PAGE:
Even though the employee’s real responsibilities are more manual than supervisory, this position is frequently linked with management.

In general, clerical labor in an office setting is seen as the epitome of a white collar occupation. A person in such a position may continue to be an hourly worker like his or her blue collar counterpart, or they may be paid. This frequently results in a greater amount of duties and a longer work week for white collar professionals than hourly blue collar workers.

However, the job description does not usually provide protection from manual work. As an example, restaurant management, which is traditionally considered a white collar occupation, sometimes needs managers to assume the tasks of absent employees.

Other white collar jobs include those in sales, accounting, advertising, and customer service. These occupations are often regarded as career-level positions performed by individuals with advanced degrees or extensive training.

What is a White Collar Job?

Although current company dress rules also allow for various “business casual” apparel, many clerical and administrative professionals are still urged to wear genuine white collars in order to project a professional look to potential clients or the blue collar workers they may supervise.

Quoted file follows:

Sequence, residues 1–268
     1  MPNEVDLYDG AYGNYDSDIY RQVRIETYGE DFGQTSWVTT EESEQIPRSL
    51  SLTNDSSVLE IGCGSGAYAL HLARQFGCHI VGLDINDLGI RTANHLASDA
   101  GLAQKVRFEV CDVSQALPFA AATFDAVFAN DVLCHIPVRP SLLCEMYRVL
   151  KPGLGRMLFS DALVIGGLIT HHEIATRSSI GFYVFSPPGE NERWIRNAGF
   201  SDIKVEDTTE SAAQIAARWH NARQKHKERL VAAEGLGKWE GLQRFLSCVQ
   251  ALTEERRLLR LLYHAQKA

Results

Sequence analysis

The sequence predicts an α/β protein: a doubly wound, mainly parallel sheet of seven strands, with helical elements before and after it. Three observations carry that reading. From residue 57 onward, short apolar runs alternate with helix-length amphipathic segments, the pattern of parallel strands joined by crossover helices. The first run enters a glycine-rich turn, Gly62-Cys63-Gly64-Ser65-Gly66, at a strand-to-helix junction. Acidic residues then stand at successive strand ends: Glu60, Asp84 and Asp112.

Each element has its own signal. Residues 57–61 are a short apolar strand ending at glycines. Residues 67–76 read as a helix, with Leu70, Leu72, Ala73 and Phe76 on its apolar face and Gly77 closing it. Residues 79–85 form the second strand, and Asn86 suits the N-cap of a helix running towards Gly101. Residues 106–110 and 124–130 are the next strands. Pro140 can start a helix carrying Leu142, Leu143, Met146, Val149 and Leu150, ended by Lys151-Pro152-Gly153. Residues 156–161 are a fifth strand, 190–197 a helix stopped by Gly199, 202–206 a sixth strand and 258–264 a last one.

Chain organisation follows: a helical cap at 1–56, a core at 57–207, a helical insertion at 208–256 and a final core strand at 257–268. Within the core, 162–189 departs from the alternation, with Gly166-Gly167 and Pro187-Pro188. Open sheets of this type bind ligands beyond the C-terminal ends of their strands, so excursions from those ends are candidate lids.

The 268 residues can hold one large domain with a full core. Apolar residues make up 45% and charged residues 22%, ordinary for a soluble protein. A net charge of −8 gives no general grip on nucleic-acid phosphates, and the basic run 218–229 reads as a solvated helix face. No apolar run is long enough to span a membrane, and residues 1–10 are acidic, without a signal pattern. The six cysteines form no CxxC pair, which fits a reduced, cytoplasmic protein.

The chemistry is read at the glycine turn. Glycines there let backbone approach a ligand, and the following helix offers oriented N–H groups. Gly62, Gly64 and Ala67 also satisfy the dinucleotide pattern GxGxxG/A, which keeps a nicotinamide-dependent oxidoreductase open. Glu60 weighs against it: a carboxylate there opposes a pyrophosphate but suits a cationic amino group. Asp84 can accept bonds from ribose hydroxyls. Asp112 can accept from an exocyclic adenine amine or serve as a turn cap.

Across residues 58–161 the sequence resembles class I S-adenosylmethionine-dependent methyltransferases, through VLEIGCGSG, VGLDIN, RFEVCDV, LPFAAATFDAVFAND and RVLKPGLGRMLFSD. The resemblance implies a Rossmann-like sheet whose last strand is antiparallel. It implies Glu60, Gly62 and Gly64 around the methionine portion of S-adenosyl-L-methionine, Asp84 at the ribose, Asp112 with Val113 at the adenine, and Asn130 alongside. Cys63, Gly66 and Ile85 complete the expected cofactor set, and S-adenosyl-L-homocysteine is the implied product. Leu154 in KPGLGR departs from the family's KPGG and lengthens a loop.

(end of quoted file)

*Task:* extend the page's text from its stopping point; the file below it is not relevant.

Expectations of White-Collar Jobs

Typically, white-collar occupations are supposed to provide prospects for advancement to managerial or executive positions. Similar to blue-collar positions, white-collar positions are anticipated to provide better compensation with the ability to continue to significantly increase their income as they develop.

These positions are primarily office-based; however, certain sectors may need field work. This is especially true for professionals who frequently travel to conferences and meetings or interact with clients and consumers.